Basic Concepts

The VCG Lib may encode a mesh in several ways, the most common of which is a vector of vertices and vector of triangles (i.e. triangles for triangle meshes, tetrahedra for tetrahedral meshes). The following line is an example of the definition of a VCG type of mesh:

where vcg::tri::TriMesh is the base type for a triangle mesh and it is templated on:

- the type of container containing the vertices (usually a std::vector
- which in turn is templated on your vertex type

- the type of STL random access container containing the faces
- which in turn is templated on your face type

In other words, to define a type of mesh you need only to derive from vcg::tri::TriMesh and to provide the type of containers of the elements you want to use to encode the mesh. In this second example we also passed a std::vector of type MyEdge, which, as we will see shortly, is the type of our edge. Note that there is no predefined order to follow for passing the template parameters to TriMesh.

The face, the edge and the vertex type are the crucial bits to understand in order to be able to take the best from VCG Lib. A vertex, an edge, a face and a tetrahedron are just an user defined (possibly empty) collection of attributes. For example you will probably expect MyVertex to contain the (x,y,z) position of the vertex, but what about the surface normal at the vertex?.. and the color? VCG Lib gives you a pretty elegant way to define whichever attributes you want to store in each vertex, face, or edge. For example, the following example shows three valid definitions of MyVertex of increasing complexity :

`vcg::Vertex`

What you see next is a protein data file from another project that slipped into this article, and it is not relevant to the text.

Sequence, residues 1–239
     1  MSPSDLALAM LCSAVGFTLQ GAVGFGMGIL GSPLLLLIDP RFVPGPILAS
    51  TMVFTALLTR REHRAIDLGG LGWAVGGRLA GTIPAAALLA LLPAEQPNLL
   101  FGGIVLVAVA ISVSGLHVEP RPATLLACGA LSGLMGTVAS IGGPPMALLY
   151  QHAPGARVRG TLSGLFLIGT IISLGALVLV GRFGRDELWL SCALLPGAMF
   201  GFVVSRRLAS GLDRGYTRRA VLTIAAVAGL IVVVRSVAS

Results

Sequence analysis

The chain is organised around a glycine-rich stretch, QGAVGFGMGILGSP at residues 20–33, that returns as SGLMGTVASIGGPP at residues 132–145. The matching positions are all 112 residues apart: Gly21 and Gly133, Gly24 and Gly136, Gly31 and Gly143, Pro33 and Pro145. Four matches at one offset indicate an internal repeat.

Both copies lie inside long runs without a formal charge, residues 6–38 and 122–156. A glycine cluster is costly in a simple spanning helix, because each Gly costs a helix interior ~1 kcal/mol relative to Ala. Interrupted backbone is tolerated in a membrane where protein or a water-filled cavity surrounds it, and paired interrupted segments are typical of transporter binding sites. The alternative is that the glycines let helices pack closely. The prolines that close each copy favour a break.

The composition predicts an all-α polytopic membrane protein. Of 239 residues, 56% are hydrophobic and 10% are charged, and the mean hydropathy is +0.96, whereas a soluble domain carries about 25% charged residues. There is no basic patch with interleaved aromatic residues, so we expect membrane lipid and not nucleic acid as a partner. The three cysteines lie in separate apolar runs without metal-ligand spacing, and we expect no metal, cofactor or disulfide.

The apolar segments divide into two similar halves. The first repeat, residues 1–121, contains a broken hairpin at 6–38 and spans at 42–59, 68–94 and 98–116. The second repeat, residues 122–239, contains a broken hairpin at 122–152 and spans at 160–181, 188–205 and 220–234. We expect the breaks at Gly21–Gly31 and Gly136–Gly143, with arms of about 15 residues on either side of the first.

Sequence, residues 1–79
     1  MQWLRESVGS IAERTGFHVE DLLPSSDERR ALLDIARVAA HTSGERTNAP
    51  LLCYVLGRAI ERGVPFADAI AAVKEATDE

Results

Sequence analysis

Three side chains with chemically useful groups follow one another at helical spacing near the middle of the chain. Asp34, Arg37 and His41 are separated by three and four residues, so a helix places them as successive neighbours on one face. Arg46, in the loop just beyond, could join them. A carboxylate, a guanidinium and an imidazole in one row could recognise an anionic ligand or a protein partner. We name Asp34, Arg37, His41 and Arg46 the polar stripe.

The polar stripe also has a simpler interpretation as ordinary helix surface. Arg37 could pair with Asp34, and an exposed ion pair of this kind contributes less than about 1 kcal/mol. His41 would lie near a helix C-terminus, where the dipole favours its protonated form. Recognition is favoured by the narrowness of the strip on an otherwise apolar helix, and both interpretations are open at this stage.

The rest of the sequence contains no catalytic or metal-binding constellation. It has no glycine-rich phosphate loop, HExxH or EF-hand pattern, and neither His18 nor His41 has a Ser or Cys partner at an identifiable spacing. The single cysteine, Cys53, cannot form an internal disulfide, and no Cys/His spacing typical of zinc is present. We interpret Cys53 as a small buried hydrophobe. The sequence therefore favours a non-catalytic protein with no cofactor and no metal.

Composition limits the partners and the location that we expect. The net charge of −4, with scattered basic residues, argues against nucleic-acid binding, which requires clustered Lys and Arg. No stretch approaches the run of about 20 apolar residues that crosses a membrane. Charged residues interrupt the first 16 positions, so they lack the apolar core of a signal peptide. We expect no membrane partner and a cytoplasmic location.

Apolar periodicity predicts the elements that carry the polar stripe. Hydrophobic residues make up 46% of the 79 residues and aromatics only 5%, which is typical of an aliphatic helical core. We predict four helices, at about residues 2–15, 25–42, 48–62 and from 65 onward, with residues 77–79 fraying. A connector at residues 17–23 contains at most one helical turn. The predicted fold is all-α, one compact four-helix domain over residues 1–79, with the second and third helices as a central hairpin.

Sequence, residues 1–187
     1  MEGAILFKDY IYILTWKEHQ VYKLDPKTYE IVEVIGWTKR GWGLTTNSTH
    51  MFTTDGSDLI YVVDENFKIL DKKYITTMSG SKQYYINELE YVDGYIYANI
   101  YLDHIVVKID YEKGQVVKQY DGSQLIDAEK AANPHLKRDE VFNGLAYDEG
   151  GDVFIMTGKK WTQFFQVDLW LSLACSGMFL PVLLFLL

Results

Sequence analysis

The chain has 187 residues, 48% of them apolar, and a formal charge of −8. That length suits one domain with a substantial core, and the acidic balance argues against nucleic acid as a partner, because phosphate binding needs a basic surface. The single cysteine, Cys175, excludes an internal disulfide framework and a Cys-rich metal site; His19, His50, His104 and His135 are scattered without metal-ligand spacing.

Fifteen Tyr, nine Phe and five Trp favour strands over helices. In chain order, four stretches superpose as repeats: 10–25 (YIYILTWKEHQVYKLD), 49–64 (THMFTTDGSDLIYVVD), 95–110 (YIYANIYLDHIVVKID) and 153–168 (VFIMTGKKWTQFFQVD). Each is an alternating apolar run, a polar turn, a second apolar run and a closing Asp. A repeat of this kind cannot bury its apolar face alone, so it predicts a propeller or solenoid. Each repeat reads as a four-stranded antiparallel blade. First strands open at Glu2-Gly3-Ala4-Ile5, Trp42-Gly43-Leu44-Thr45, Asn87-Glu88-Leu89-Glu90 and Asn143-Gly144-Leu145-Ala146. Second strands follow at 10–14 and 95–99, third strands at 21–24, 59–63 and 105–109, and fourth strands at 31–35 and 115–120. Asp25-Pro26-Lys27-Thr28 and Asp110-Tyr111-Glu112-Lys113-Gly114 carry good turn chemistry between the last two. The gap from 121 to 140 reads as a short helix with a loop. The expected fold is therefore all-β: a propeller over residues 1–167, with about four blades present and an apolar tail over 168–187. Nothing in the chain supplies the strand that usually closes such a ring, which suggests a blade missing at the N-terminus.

is the VCG base class for a vertex. `vcg::UsedTypes`

declares which are the types involved in the definition of the mesh. It is a mapping between the names of your entity types (MyVertex,MyEdge,MyFace... and the role they play in the mesh definition). The mapping is established passing the template parameters with the syntax It can be annoying when you see it but it is useful that every entity involved knows the type of the others and this is the way VCG Lib does it. As you can see the three definitions of MyVertex0,1,2 differ for the remaining template parameters (the components). These specify which values will be stored with the vertex type:

- MyVertex0 is a type storing coordinates as a triple of doubles and normal as a triple of floats,
- MyVertex1 also store a color value specified as 4 bytes
- MyVertex2 store a long list of different components.

Many other components are implemented in the library for the simplexes, the complete list can be found in the Vertex Components, Edge Components and Face Components pages. You can place any combination of them as a template parameters of your vertex/edge/face type (note that order is rather unimportant). Now we have all it takes for a working definition of MyMesh type:

One more comment: `vcg::face::VertexRef`

is an attribute that stores 3 pointers to the type of vertex, so implementing the Indexed Data structure. This is an example of why the type MyFace needs to know the type MyVertex

Once you declared your mesh type, you may want to instance an object and to fill it with vertices and triangles. The typical approach is just to open some file like in the above example. It may cross your mind that you could just make some push_back on the vertexes and faces container (data member vert and face of class vcg::tri::Trimesh). In fact this is the wrong way since there can be side effects by adding an element to a container. We describe this issue and the correct way of adding mesh element in the Allocating and Deleting mesh elements page.